Like all the participants of that camp I experienced an incredibly deep, sincere and unusual interaction with the hills, the trees, the creek, the boulders of that place. I can say after almost 50 years that it was an eye-opening moment in my relationship with both nature and art.

And Doru Tulcan’s concerns have since continued to be increasingly linked to nature. Transposing this interest into art was initially done more through photography, then through drawing, screen printing, and later through painting.

In recent years, the artist has been spending more and more time in the countryside again, in Brebu, a wonderful area in the south of Banat, situated between the hills. There, he tends to his garden and orchard, mows the grass with his tractor, and… looks at and paints trees, treetops, hills and clouds, more and more clouds.

Clouds have always been and continue to be fascinating to artists. I’ll name just a few of the classics: Titian, El Greco, Constable, Turner, Caspar David Friedrich, Georgia O’Keeffe, but also contemporary artists like Gerhard Richter, Anish Kapoor, Antony Gormley, Geoffrey Hendrics, Karen LaMonte or Berndnaut Smilde.

For some photographers and photographic theorists, clouds, like photographs, can evoke equivalents or symbols of reality. Alfred Stieglitz, Minor White[i],

Vik Muniz and others have photographed and theorized around this theme. Even the new video generation model developed by the OpenAI company, to be launched in early 2024, was introduced to the public with an image representing the name of the product – SORA (which in Japanese means SKY) written in letters that appear to be made of clouds.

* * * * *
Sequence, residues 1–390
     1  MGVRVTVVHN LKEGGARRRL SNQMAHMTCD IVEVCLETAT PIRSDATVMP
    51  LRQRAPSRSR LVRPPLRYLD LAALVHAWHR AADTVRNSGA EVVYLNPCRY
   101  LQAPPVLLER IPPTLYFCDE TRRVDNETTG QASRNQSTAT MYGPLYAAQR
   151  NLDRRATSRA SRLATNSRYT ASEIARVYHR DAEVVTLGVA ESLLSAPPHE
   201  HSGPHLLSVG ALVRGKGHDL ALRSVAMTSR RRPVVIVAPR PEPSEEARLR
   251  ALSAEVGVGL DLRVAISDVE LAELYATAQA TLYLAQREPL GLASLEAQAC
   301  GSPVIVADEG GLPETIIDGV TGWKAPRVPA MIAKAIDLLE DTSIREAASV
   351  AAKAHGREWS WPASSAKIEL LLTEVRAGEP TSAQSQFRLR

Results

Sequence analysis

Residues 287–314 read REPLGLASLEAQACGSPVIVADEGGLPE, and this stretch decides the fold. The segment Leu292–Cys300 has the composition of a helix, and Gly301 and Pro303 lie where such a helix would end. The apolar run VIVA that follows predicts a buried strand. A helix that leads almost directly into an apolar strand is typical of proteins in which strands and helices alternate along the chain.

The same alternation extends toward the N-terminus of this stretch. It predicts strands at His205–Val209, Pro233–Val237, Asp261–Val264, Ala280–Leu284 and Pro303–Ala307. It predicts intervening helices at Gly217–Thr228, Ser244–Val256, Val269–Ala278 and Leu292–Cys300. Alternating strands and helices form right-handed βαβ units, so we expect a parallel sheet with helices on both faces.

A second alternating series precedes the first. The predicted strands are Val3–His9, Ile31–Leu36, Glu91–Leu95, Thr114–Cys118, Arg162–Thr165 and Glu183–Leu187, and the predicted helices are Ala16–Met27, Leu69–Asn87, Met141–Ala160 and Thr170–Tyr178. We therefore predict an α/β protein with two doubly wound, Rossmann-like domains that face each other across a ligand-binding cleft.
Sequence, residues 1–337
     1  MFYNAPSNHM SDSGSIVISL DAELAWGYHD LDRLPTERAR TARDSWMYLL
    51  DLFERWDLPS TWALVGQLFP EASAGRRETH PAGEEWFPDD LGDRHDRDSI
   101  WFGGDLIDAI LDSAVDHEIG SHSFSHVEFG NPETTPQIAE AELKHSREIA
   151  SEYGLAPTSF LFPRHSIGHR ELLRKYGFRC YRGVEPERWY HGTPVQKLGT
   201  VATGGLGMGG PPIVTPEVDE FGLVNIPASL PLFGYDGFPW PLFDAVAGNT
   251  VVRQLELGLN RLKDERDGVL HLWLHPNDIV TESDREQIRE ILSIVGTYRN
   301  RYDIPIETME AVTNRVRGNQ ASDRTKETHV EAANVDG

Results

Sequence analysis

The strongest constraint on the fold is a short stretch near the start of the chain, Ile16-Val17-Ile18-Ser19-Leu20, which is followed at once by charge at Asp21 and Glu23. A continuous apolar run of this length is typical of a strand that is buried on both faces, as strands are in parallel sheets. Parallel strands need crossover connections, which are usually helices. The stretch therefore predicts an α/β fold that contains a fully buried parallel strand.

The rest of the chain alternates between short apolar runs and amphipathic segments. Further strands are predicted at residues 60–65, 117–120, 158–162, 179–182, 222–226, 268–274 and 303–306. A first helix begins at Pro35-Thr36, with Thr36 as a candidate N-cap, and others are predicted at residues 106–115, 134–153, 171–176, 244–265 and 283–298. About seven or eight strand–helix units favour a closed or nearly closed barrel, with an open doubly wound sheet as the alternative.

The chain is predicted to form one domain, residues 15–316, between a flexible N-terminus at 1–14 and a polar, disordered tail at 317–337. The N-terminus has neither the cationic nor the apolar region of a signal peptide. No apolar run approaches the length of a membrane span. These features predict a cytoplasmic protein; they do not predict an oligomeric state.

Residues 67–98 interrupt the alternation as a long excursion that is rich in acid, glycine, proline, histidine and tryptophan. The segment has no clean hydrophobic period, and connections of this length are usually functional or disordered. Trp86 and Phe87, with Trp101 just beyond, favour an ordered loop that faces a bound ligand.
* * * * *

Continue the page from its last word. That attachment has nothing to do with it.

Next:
Why do clouds attract all these creators and many others, be they painters, sculptors, multimedia artists or photographers? The explanations certainly vary from case to case, and are aesthetic, religious and even political.

I never asked Doru Tulcan why he has been painting clouds in recent years, why he has returned to nature with a traditional technique and has not continued to make multimedia projects, bordering on architecture, design and installation.

I have noticed, however, that as time goes by, memories of his childhood years, with the sets of values he acquired at that time, become more and more prominent and are a determining factor in the way he relates to reality in his old age. The religious education he received from his parents in the early years of his life, the fact that he grew up in the countryside in the proximity of nature, are elements that deeply mark this period in the life of Doru Tulcan.


[i] Minor White – Equivalence: The Perennial Trend, PSA Journal, Vol. 29, No. 7, pp. 17-21, 1963



Iosif Király

Iosif Király is one of the most renowned artists working with photography in Romania. His work investigates the relationship between perception, time, synchronicity and memory through photography, in...